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Re: How many use the diagram tree?

On Sun, 10 Aug 2003, James K. Lowden wrote:

> Date: Sun, 10 Aug 2003 06:12:01 -0400
> From: James K. Lowden <jklowden@schemamania.org>
> Reply-To: dia-list@gnome.org
> To: dia-list@gnome.org
> Subject: Re: How many use the diagram tree?
> On Fri, 8 Aug 2003 17:25:29 -0400, <ashalper@cox.net> wrote:
> > > > I will desperately need UML views (The Unified Modeling Language
> > > > User Guide, p. 468) in the near future.  The diagram is already too
> > > > complex to view in its entirety (it is derived from a horrifying
> > > > government legacy system).
> >
> > My interpretation of it is one or more diagrams of the same set of
> > objects, each diagram including some subset and only a subset of the
> > original set, but otherwise independent of each other.  I haven't used
> > Rational or any other commercial UML tool, so I don't know how it's
> > implemented there, but ERwin has something similar and I use it quite a
> > bit to make less cluttered subschema diagrams of the larger schema.
> A simple ER diagram has a dozen tables and is no problem to navigate.  A
> complex one has >100 tables and presents many, um, presentation problems.

There are definately serious issues when you take any feature of Dia and
try and scale it upwards to a huge level, keeping things simple and
leaving room for growth will need to be kept in mind.

> Two very useful features: named subsets, and diagram view settings.

> "Tabbed diagrams" would seem to me to be the natural way to present named
> subsets to the UI, FWIW.

If by Tabbed Diagrams you mean representing multiple pages in single
workbook then that sounds reasonable and consistant with other diagramming
software.  I would really hate to see someone trying to reinvent the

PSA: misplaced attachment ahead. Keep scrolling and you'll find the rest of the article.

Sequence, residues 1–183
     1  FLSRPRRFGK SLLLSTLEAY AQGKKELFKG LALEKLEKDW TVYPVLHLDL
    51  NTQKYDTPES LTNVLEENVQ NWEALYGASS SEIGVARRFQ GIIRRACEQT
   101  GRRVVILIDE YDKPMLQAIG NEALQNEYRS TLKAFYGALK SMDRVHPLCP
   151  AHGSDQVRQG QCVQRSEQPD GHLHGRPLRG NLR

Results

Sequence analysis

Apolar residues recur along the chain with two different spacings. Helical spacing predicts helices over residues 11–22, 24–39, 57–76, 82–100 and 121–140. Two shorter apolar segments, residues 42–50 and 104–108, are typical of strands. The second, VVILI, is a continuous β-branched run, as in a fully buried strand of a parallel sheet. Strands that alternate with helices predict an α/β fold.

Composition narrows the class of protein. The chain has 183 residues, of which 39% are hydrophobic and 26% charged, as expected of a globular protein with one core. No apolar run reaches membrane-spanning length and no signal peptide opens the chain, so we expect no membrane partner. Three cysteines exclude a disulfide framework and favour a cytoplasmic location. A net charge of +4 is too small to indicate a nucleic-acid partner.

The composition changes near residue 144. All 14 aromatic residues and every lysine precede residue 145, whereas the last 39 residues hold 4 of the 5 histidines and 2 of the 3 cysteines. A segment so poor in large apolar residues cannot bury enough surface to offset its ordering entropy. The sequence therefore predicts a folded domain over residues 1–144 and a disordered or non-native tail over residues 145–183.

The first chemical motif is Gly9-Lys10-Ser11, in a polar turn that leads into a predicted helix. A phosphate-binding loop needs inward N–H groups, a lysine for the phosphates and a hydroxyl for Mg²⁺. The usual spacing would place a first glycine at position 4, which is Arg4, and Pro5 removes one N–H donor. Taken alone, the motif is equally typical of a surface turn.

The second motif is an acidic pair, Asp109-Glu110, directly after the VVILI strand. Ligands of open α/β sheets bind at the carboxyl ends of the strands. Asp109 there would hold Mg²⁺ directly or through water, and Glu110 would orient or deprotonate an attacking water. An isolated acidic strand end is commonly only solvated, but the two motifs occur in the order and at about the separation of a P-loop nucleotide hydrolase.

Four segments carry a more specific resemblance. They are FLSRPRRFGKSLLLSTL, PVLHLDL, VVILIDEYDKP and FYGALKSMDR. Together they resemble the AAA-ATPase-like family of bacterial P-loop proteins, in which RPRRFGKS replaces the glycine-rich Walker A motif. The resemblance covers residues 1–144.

window manager and turn Dia in to a tabbed interface, which is quite
differnt from the idea of a workbook with multiple pages/sheets which we
will eventually want to support anyway for compatibility reasons.

> As long as I'm just naming random features, let me add one that sounds a
> little bizarre but turns out to be quite handy.  Right-click on a line,
> and the menu says "go to parent" and "go to child" (among others things).
> Pick one, and -- zip! -- there you are.

When suggesting features it always helps if you can identify a program
that already succesfully implements the behaviour (I am guessing ERwin
In case anyone else is also intrigued by ERwin
I dont particularly want to register just to try it out for a few weeks
but as you already seem to be using it extensively screenshots and
descriptions of things about it you like would be helpful.

This might be an interesting (potentially better) way of looking at the
behaviours that are currently dealt with in the Selection menu, we might
be able to seperate out the concept of going to and actually selecting
these objects.


Alan Horkan

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